|WikiProject Chemicals||(Rated Start-class, Low-importance)|
|WikiProject Psychedelics, Dissociatives and Deliriants|
I chopped the following, because it is unsourced and attempts to give advice to potential users. WP shouldn't be giving advice, and any advice that WP quotes needs to be sourced. This is doubly true of medical/safety advice.
- Upon tasting the chemical, if one notices a highly bitter or "chemically" taste, this should serve as a warning sign that the drug is not LSD, but likely a psychedelic amphetamine (DOC, DOB or DOI). Although it must be noted that the absence of a bitter taste does not necessarily mean the blotter contains LSD, detecting other blotter substrate drugs like 5-MeO-AMT or Bromo-DragonFLY, by taste, has not yet been reported. An active dose of LSD (~100 μg) is so small that it has virtually no perceivable taste.
I agree with the above and I am tempted to simply cut out the advice.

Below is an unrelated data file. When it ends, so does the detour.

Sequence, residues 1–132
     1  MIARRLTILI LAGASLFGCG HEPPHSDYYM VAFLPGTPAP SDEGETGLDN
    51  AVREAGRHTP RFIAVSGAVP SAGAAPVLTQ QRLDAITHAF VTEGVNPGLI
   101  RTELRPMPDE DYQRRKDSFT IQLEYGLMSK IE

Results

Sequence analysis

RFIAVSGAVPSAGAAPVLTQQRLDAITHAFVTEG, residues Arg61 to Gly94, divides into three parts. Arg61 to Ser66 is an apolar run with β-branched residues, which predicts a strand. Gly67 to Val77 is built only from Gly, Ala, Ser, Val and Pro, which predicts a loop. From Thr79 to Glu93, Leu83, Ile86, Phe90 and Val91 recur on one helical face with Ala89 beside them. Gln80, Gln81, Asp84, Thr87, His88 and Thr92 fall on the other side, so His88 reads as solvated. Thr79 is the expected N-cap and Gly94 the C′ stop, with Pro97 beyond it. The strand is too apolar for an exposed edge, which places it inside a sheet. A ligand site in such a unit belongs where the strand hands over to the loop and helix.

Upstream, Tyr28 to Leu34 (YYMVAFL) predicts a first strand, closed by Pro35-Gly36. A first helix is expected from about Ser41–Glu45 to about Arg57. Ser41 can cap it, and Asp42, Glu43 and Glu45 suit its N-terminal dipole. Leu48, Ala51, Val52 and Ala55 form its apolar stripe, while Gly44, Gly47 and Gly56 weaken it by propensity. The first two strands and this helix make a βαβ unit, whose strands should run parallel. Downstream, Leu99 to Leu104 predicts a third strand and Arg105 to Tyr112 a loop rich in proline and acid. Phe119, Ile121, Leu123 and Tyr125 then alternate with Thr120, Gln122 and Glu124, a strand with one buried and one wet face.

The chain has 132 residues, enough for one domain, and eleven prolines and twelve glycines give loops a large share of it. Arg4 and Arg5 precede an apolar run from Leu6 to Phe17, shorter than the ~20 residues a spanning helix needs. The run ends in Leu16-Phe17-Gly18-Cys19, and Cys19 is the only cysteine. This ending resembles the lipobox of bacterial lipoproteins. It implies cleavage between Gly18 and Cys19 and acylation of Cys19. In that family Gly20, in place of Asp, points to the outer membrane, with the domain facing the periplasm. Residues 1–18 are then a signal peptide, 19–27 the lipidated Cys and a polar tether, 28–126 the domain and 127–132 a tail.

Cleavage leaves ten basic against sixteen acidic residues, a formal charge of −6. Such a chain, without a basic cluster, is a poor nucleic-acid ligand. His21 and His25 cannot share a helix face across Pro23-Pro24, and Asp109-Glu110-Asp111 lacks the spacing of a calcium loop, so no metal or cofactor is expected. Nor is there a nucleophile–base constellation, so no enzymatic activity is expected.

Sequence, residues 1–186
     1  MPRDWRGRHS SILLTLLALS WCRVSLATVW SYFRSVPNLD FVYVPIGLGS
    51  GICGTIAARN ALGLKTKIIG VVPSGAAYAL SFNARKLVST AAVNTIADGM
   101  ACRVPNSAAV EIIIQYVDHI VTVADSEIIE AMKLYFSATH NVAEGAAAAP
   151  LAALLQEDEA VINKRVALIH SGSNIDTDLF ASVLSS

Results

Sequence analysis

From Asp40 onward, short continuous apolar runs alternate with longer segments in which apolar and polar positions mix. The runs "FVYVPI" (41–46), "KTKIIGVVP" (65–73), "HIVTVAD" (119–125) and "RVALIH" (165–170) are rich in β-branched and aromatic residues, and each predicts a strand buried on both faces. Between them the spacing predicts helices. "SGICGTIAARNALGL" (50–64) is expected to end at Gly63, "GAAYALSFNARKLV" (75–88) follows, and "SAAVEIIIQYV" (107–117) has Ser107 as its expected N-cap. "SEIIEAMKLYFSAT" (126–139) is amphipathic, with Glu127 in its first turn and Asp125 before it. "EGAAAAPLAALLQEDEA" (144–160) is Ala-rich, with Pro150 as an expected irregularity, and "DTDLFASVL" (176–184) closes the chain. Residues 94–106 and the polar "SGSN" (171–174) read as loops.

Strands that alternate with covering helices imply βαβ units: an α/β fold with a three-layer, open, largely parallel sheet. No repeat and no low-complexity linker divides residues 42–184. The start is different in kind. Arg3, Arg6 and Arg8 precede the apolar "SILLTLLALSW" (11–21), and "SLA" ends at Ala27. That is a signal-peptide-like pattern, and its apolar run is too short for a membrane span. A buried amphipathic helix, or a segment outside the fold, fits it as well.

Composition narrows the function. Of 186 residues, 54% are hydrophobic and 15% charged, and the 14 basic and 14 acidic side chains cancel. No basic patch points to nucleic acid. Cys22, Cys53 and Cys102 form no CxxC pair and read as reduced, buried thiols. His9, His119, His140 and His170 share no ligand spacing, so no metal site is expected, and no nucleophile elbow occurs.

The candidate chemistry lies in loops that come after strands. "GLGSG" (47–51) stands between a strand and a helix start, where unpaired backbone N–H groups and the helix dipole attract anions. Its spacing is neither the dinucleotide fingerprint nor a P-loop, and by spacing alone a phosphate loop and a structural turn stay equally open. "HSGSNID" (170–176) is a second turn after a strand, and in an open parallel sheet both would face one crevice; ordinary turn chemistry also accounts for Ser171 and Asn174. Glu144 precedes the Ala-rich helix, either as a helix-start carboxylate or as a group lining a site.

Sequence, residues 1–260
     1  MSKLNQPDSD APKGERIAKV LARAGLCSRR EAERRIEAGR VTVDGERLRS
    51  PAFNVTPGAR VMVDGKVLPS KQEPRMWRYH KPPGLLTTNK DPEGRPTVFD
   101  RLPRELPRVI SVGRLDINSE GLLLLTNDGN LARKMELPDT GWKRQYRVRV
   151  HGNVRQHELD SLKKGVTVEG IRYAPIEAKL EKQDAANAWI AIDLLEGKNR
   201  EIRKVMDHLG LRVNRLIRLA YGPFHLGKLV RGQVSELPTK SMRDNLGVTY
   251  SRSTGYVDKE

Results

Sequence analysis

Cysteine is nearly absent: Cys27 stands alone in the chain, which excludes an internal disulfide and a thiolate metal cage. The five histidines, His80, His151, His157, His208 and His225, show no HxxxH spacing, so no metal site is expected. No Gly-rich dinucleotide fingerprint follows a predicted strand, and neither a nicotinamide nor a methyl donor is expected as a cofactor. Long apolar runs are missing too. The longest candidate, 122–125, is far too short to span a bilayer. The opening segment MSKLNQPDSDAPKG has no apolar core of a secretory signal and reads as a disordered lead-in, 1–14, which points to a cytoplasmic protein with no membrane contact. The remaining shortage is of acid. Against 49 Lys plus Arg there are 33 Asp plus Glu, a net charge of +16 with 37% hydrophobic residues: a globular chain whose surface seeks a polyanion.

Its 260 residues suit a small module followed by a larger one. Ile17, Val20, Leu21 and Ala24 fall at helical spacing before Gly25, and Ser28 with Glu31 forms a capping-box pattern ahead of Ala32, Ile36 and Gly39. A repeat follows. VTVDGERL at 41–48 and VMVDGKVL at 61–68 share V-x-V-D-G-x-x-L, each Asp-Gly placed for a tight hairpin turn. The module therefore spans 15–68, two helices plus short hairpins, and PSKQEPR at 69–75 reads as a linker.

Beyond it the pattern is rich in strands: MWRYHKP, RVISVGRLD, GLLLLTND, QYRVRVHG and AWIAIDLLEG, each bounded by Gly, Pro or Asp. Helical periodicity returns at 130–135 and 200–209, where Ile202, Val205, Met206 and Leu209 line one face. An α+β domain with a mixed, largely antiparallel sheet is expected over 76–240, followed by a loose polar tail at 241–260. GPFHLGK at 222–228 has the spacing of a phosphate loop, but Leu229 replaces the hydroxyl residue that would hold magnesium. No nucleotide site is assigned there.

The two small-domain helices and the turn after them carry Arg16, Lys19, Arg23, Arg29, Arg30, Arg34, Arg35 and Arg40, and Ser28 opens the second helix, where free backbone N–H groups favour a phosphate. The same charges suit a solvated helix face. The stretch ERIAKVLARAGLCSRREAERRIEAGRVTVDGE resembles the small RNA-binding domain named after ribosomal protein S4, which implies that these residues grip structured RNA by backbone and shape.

The taste of something bitter on blotter won't also necessarily ensure that you *DO* have something other than LSD. It might, but it's not a very reliable test. It could mean that you have LSD in addition to another compound and just because that compound is better doesn't necessarily mean much. Furthermore, where is the evidence that DOB, DOC, DOI, etc. are bitter?
Perhaps the only reliable way to detect whether or not one likely has LSD (and I can offer a source for this) is to expose the sample to a blacklight in the dark. Lysergic acid and derivatives (so long as it has the pi system) will fluoresce blue. Hence, blue fluorescence indicates that one at least has a compound with the lysergic acid moiety.AlkaloidMan (talk) 04:25, 29 October 2010 (UTC)AlkaloidMan
The picture of structure is wrong. The picture implies a particular chirality that compound does not have. It needs to be depicted as the racemate! — Preceding unsigned comment added by 188.8.131.52 (talk • contribs) 17 February 2011